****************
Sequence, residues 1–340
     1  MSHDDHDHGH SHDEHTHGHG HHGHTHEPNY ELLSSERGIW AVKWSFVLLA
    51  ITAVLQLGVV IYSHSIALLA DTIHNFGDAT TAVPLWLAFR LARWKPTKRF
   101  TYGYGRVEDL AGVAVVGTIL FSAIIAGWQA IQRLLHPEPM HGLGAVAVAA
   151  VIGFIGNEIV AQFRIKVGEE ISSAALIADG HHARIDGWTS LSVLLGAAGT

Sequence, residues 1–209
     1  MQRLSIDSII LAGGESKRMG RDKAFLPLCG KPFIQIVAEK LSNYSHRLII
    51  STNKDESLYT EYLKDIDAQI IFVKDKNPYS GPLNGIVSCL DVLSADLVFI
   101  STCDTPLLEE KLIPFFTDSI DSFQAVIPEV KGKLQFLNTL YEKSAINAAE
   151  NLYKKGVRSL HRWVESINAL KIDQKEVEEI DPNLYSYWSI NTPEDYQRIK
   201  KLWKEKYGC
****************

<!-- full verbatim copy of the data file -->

Sequence, residues 1–340
     1  MSHDDHDHGH SHDEHTHGHG HHGHTHEPNY ELLSSERGIW AVKWSFVLLA
    51  ITAVLQLGVV IYSHSIALLA DTIHNFGDAT TAVPLWLAFR LARWKPTKRF
   101  TYGYGRVEDL AGVAVVGTIL FSAIIAGWQA IQRLLHPEPM HGLGAVAVAA
   151  VIGFIGNEIV AQFRIKVGEE ISSAALIADG HHARIDGWTS LSVLLGAAGT

Sequence, residues 1–209
     1  MQRLSIDSII LAGGESKRMG RDKAFLPLCG KPFIQIVAEK LSNYSHRLII
    51  STNKDESLYT EYLKDIDAQI IFVKDKNPYS GPLNGIVSCL DVLSADLVFI
   101  STCDTPLLEE KLIPFFTDSI DSFQAVIPEV KGKLQFLNTL YEKSAINAAE
   151  NLYKKGVRSL HRWVESINAL KIDQKEVEEI DPNLYSYWSI NTPEDYQRIK
   201  KLWKEKYGC